Taking cues from its predecessor on Ruskin Place, the Parador townhouse done the year before, this townhouse also calls upon Italian typologies. This time, however, Gorlin uses the idea of the Roman palazzo to design this classical townhouse. The three-story facade presents the hierarchy of orders. Doric columns support the ground floor, home to commercial spaces, while Ionic columns fall back above on the piano nobile level balcony. Highly-detailed Corinthian columns decorate the third-story arcade, where the facade of the house steps back to create depth, shadow, and a sense of privacy for the homes most private functions. Hidden from the view of the street below is a fourth floor sitting room that opens onto a roof deck. A skylight stair forms the central core connecting the open plans of the public spaces on the second floor and the bedroom suite above.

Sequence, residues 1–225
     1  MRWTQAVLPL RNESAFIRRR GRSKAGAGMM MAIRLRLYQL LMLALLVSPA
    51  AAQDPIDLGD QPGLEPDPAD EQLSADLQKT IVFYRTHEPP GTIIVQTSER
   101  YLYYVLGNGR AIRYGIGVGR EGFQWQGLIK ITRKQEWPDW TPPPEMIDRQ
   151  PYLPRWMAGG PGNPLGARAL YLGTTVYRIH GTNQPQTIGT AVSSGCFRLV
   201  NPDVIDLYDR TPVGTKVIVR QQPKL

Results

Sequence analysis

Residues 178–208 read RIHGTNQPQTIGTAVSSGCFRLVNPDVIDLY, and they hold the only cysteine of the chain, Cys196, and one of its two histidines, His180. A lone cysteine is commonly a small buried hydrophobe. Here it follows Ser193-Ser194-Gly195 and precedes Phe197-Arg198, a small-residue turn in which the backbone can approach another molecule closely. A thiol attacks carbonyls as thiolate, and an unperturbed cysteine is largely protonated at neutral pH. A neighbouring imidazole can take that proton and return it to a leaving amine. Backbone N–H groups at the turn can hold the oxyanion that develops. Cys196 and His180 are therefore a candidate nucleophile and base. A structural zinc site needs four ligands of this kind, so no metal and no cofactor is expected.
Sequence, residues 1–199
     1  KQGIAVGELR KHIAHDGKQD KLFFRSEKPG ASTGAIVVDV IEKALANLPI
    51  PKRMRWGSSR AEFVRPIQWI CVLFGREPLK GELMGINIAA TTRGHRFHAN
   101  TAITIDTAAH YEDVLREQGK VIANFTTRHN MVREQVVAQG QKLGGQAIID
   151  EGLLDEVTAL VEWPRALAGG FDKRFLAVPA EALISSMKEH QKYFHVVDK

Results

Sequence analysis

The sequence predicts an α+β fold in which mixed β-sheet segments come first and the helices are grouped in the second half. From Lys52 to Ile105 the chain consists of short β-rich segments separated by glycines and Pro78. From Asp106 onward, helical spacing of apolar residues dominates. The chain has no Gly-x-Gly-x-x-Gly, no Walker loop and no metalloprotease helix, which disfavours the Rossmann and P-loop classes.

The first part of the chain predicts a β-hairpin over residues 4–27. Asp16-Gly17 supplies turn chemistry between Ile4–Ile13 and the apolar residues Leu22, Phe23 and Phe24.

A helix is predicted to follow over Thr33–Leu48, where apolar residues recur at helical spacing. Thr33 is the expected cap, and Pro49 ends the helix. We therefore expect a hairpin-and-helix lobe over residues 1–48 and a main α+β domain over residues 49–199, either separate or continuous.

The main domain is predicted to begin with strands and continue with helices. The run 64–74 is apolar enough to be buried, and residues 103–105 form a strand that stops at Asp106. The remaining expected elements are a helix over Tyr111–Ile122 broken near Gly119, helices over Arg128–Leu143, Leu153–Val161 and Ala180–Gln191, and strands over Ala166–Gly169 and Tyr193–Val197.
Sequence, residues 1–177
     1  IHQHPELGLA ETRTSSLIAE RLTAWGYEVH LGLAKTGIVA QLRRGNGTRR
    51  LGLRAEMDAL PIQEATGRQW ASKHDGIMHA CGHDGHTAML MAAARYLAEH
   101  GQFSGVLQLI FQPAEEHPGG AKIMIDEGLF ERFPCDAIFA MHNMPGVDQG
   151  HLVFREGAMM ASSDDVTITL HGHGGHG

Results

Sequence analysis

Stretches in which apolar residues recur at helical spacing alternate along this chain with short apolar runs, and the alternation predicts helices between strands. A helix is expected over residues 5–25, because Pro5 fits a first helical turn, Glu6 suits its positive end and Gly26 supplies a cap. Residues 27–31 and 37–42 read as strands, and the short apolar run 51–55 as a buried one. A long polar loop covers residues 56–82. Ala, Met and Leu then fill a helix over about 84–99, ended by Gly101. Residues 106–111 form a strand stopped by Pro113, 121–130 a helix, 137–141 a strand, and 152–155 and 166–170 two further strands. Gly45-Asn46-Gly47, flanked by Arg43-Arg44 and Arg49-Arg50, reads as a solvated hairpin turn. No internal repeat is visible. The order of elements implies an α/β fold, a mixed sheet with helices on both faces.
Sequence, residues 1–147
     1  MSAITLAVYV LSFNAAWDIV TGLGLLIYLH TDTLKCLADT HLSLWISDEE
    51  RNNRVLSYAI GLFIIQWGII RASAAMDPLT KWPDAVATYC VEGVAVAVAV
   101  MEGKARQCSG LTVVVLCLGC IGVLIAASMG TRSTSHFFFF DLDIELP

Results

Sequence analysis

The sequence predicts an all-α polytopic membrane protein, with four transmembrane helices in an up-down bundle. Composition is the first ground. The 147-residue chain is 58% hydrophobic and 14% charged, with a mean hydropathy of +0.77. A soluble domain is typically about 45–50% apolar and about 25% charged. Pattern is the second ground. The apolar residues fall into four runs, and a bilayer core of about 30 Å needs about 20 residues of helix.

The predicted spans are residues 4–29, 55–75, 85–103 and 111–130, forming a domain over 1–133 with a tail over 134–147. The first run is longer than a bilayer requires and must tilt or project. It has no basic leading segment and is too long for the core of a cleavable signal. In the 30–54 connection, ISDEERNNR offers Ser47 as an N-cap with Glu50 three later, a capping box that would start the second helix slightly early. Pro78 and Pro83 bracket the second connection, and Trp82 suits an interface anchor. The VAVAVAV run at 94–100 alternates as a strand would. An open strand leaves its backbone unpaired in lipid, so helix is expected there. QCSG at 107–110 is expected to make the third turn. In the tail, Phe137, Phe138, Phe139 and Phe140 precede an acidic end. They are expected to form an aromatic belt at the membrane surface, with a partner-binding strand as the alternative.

By Katlyn M. Springstead
Parador is a three-story mixed use townhouse on the southeast block of Ruskin Square. Italian and Spanish precedents inspired its facade and architectural character. Parador's architect, Rome Prize Laureate Alexander Gorlin, followed a traditional mixed-use form: the first floor is commercial space, the second, a proper piano nobile, contains all public living spaces, and the third contains bedrooms. Its cornice and band heights relate properly to its neighbors', but its glassy facade and bright salmon stucco make it stand out in the square.
By Eric Dean Hageman